Sunday, September 26, 2010

Wild Food Foraging

John Kallas, Ph.D., Director, Wild Food Adventures (holding wild sweet pea)

This past summer, including today, I have taken 3 classes on Wild Foods from John Kallas here in Portland. 
The first class, we went to an organic farm and learned about all the edible weeds that can grown on a farm, we picked an assortment and made a delicious salad with them..  I really do mean that it was delicious..You'd never realize how good some of these plants are!  He doesn't like to call them weeds, because really they are native plants that are indeed edible, but often mistaken for weeds. 
(rose hips)
The second class, was about survival. It was a foundation class that went over the types of survival and about some of the easier foods to find and prepare-ones to avoid because they take too much energy to prepare. He said that the number one important thing to do in a survival situation is to stay calm and simply look around for awhile and think about what your resources are and what is around you..  In other words, your psychological state is #1!!  Chances are you want to leave that situation and food isnt' really your first priority(oftentimes)--people are usually rescued within 3 days and you can survive a month without food depending on the weather and conditions..water you need much sooner, though.. 

 (beautyberry??(sp)
Today's class, was neighborhood foraging and we found lots of foods from an old city neighborhood, from trees, bushes, weeds...bushes.  (rosehips, plums, english walnut, lindentree, (pokeweed bad-unless really cooked), sheep sorrel, chestnuts, cats ear, pulslane(sp?), hawthorne, mountain ash, wild fennel, mint, wild sweet pea, green amarath, english linden tree, oregon white oak, wild spinnach, red clover, etc..) Lots of food around here!!  Learned that wild spinnach and wild garlic mustard are among the most nutritious greens known (and taste really good)!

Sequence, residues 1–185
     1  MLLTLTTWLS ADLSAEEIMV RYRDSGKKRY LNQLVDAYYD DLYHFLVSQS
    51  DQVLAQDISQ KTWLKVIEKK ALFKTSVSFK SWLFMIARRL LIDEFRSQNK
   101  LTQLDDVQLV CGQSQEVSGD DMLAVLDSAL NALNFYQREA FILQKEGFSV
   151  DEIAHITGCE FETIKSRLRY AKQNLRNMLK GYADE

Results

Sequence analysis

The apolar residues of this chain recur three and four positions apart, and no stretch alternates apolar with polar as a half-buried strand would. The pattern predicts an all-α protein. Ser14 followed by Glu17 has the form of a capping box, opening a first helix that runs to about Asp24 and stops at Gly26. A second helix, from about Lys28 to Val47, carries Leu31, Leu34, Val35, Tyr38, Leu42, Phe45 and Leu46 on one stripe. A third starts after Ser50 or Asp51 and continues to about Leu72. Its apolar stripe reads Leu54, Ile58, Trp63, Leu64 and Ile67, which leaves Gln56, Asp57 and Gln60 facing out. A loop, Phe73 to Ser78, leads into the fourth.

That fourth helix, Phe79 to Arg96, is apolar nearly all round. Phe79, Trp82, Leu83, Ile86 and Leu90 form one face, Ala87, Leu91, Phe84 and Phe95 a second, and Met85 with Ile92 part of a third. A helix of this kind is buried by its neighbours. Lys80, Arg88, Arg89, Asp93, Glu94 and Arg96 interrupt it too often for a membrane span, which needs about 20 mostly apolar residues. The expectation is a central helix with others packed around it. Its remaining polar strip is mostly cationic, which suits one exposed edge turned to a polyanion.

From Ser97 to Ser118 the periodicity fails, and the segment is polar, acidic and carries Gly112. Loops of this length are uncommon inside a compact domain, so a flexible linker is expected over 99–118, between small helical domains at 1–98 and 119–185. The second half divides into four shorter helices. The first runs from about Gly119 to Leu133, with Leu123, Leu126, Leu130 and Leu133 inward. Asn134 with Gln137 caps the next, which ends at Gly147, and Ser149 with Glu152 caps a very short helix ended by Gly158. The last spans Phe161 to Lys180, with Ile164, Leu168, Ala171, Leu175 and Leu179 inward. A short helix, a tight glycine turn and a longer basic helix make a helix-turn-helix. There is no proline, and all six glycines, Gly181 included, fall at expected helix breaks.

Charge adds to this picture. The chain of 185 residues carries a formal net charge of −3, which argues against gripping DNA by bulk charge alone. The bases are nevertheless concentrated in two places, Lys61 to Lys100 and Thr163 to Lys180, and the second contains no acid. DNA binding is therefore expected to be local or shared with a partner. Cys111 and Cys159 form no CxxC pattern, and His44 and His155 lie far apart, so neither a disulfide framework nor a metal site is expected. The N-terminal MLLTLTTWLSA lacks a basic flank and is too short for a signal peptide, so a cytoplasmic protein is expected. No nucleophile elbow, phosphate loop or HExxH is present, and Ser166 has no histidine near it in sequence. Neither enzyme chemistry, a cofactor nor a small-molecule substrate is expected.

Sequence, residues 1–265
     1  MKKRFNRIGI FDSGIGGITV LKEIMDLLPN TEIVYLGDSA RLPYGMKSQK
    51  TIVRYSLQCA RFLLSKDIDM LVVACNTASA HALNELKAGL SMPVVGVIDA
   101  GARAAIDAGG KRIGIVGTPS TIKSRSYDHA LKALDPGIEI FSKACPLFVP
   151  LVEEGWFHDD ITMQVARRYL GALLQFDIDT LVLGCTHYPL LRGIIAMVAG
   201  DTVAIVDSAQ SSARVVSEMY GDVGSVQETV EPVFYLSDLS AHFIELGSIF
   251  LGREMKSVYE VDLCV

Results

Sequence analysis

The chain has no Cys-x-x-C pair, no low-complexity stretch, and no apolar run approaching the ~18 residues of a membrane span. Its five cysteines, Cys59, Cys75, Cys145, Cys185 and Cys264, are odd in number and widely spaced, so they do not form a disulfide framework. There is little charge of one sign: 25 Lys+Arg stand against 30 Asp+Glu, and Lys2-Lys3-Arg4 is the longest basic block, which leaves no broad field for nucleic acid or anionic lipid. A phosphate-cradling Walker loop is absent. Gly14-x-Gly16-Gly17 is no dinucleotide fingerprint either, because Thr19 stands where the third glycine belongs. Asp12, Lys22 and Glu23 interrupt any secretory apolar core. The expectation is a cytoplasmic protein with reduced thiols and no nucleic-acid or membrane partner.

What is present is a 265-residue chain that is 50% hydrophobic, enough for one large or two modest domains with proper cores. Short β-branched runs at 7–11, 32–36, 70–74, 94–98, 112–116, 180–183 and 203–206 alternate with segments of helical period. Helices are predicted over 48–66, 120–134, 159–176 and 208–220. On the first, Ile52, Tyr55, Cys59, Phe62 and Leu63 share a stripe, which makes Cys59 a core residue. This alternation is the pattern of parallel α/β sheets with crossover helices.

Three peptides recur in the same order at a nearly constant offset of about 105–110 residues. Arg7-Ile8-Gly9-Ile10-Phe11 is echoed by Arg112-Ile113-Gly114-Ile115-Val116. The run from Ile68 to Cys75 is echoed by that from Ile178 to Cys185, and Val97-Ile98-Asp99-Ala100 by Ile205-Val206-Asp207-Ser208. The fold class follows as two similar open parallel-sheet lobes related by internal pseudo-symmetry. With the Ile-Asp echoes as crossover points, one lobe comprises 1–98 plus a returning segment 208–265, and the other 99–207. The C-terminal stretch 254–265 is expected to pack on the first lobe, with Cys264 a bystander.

english linden tree-like lettuce

 Brought my husband and  kids with me this time--little bit tricky with my kids..3 hours is a long time for them, I realized to listen and stand around looking at plants..but I think it was good for them to try..  My husband needed to take them for a couple breaks..  Realized that it is good for kids to be pushed sometimes even when they are bored--wasn't as fun for us, but character building for them (I hope)

In any case, these were fun and valuable classes.   He offers many many more classes..I realized through the 3 classes that I took that there is a wealth of knowledge out there!!  I only got a grazing of it..  There are many plants that are poisionous, so you really need to be careful and know what you are doing!  (for example the wild carrot looks almost just like the VERY poisonous hemlock that can kill you even in a very small quanitity and tastes good..

John Kallas also has his first book out and plans to write a whole series. 


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